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The AI gender gap: living in a world designed by men

Over a third of companies employ artificial intelligence (AI) to optimise and automate their operations, yet women only make up 26% of the global AI workforce. What happens when women are excluded from the AI lifecycle?

As global enterprises rely more heavily on artificial intelligence (AI) to address their more complex needs, we are seeing an all-time low in female students and professionals across all levels of the ICT, STEM (science, technology, engineering, and mathematics) and AI sectors.

In fact, a 2020 World Economic Forum report found that just over a quarter of AI professionals globally were women. Similarly, the Kapor Center in California reported that as few as 13% of women working in tech identified as Black, Latinx or Native American – with only 8% identifying as non-binary.

With this large-scale exclusion comes staggering setbacks: from lower job opportunities to reduced physical safety due to security systems failing to identify women as accurately as men. In a male-dominated digital world, have half the population’s needs taken a back seat?

A lack of female representation in tech

“Representation on all levels – if we don’t take accountability for greater representation, AI can become counterproductive and reinforce the gender gap,” begins Kejsi Gjordeni, former Strategy and Operations Manager at Visma, a company that provides business software and IT related development and consultancy.

“We as humans are biased. Studies show that more diverse teams are performing better. It’s a no-brainer that we should have more diversity in all senses,” adds Gjordeni.

A breeding ground for reinforcing existing biases is easily propagated when most AI developers worldwide are male. Technology designed and built almost exclusively by men can become skewed to represent their individual experiences.

“Some regulations, such as the ethics of AI, have been put in place but we need to be stricter in reviewing the data that we work on, and checking that all groups are well represented in our datasets,” says Arjeta Peshtani, a former Machine Learning Engineer at Wärtsilä.

For example, Amazon had to pull an AI-powered tool used for recruitment purposes in 2018 when male candidates were recommended for job roles at a disproportionately higher rate than their female counterparts. The machine learning system used was taught to review applications submitted over 10 years. Since men held most tech positions over the set period, the algorithm taught itself to discredit any application which included the word ‘women’.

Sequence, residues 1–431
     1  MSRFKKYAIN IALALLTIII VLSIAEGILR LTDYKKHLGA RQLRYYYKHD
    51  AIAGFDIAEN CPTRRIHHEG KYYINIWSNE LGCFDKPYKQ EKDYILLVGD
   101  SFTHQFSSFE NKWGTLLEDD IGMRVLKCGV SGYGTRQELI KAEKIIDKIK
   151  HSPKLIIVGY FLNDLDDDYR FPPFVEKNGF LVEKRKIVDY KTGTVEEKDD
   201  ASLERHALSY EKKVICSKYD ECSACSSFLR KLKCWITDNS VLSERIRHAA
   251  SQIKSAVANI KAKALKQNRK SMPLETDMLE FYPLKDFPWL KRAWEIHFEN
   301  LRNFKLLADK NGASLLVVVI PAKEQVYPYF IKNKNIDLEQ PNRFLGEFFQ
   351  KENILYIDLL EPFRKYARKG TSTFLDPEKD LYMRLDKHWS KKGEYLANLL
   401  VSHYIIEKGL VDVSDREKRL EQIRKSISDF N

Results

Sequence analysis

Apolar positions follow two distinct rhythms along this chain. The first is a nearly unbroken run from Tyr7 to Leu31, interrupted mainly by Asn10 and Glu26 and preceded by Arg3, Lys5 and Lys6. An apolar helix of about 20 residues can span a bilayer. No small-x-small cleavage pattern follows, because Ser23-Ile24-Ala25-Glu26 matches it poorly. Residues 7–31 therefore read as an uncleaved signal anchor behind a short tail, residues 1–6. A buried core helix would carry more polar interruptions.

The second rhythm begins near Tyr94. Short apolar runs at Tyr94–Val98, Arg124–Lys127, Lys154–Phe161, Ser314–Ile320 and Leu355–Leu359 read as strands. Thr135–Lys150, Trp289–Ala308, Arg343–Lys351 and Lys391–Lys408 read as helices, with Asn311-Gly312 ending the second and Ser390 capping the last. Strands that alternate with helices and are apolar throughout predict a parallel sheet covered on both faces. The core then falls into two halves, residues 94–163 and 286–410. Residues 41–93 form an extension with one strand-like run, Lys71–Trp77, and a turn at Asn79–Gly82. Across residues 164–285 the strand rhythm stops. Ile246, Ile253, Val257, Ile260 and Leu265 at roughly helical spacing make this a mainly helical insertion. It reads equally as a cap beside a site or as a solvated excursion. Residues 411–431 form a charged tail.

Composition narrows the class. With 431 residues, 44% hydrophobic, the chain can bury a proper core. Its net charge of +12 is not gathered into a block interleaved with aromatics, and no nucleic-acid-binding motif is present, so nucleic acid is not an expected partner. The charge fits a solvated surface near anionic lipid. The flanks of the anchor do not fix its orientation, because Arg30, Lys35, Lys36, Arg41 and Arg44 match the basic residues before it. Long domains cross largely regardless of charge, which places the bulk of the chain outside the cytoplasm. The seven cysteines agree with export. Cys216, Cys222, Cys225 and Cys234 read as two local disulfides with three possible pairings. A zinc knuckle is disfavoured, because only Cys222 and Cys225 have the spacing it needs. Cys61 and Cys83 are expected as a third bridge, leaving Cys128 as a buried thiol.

Representation on all levels – if we don’t take accountability for greater representation, AI can become counterproductive and reinforce the gender gap.

Kejsi Gjordeni, former Strategy and Operations Manager, Visma


Better models, better possibilities

Over a third of companies now employ AI to leverage their operational capabilities, according to the 2022 IBM Global AI Adoption Index. The report describes how one in four businesses has turned to machine learning to address comprehensive issues ranging from employment shortages to environmental, social, and governance-related ambitions.

Implementing AI in our daily lives allows for countless systems and operations to be automated. With this comes the promising potential to enhance and redefine all areas of our society. However, Peshtani notes that work within a machine learning model doesn’t end by putting it into production.

“Another essential part is to monitor its performance. Data that is used for these models might change over time and the data scientist needs to be aware of these changes,” says Peshtani.

Methodology for optimising machine learning models might also serve as a partial solution to help bridge the AI gender gap. It is crucial to bring more young girls and women into the field and to monitor, retain, and develop their overarching educational and career paths.

While Gjordeni’s career progressed naturally from a technical role to a more strategy-based position due to her personal preferences, she explained that in tech, “We're not encouraged to pursue a more technical path, becoming instead generalists and taking responsibility for strategic parts of the business.”

There’s also the risk that gender biases can still affect career progression once in a tech or AI position. “We must not make assumptions that those creative roles are more appealing to women than they are to men,” warns Gjordeni.

A brighter future

The consequences of omitting women from the AI lifecycle are far-reaching. In recent years, global organisations and individuals have taken increasingly positive steps.

The United Nations and the World Economic Forum have both made a notable effort to start a global conversation about AI gender-based issues by developing initiatives that map out actionable strategies for businesses and political leaders to adopt.

Professionals like Peshtani and Gjordeni highlight the need for increased diversity and possibilities in tech. More significantly, they remind us that women haven’t gone anywhere.

“We can achieve greater results. The more diverse the workplace is, the better the results. We need to give equal opportunities to all people regardless of gender,” Peshtani concludes.

Written by
Mafalda Evans Lopes Guimarães
Contributing Writer at Spoon Agency